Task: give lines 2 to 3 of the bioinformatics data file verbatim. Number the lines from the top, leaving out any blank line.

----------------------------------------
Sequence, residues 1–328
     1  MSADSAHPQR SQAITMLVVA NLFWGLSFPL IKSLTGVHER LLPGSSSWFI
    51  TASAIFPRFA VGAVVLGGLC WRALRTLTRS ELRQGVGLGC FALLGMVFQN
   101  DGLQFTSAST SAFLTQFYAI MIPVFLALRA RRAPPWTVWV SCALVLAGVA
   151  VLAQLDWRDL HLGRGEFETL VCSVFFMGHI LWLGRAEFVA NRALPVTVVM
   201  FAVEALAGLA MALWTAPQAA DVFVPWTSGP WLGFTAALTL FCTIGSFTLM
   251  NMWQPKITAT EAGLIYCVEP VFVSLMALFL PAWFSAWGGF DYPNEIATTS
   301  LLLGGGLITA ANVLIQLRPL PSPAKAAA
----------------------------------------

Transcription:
     1  MSADSAHPQR SQAITMLVVA NLFWGLSFPL IKSLTGVHER LLPGSSSWFI
    51  TASAIFPRFA VGAVVLGGLC WRALRTLTRS ELRQGVGLGC FALLGMVFQN